He qualified for the Tokyo 2020 Olympics with a 2:09:26 clocking in Lake Biwa in February last year, and Bat-Ochir was in flying form ahead of the Games. His last training camp was in Chitose, Japan, but that was where things went downhill. 

Bat-Ochir was staying in an old hotel with air conditioning that he couldn’t control, its sporadic nature meaning the room temperature alternated between flaming and freezing throughout the night. He soon came down with an infection, which led to a fever that lasted three days. 

“When I recovered, I just didn’t feel right,” he says. “All my strength, all my power, was gone.”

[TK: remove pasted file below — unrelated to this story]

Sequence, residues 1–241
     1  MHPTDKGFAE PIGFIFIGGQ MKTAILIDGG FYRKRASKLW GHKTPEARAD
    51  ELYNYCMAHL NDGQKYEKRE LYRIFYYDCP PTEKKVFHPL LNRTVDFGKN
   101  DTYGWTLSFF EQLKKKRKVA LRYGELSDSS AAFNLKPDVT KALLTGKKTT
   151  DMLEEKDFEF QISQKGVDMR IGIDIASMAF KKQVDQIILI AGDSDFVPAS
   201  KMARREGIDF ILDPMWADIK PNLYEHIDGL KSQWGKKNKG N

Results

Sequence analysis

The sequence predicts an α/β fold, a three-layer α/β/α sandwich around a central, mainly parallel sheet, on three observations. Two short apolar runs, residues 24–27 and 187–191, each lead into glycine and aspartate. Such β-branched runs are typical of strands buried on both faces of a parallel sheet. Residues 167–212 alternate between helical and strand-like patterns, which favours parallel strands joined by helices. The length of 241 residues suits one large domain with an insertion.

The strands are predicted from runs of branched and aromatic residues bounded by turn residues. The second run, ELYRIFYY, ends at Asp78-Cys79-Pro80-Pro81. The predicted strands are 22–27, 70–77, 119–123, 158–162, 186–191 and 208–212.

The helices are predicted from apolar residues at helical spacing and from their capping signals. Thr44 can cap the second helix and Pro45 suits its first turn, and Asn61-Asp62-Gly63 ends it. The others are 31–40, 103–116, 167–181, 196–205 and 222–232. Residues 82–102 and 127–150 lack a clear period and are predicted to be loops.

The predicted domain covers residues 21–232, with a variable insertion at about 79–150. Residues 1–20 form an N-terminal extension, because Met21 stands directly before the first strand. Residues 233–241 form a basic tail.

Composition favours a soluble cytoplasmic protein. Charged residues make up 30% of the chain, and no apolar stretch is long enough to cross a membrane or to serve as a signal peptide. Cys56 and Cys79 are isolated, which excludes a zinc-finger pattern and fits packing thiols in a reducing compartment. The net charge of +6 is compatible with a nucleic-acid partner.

He had to try, though. 

In the Olympic marathon in Sapporo Bat-Ochir set off strongly, but after 14km he felt his quads stiffen, which led him to seek an unusual, don’t-try-this-at-home solution.  

“I was having trouble lifting my legs and so I took one of the safety pins off my bib and poked or stabbed my quad muscles with it two or three times on each leg,” he says. “That actually served to loosen up the muscles and I was able to keep going.

“But by the time I got to 30km I was completely dead and couldn’t keep going at all. That was where my Olympics came to an end.”

He went through a dark period in the months after, but it was his wife, Oyuntuya, who pulled him out of it. 

“She told me: ‘You have to turn this around, to set the next goal. It’s not over yet.’ I made the decision to go for the Paris Olympics, to renew everything and work towards it.”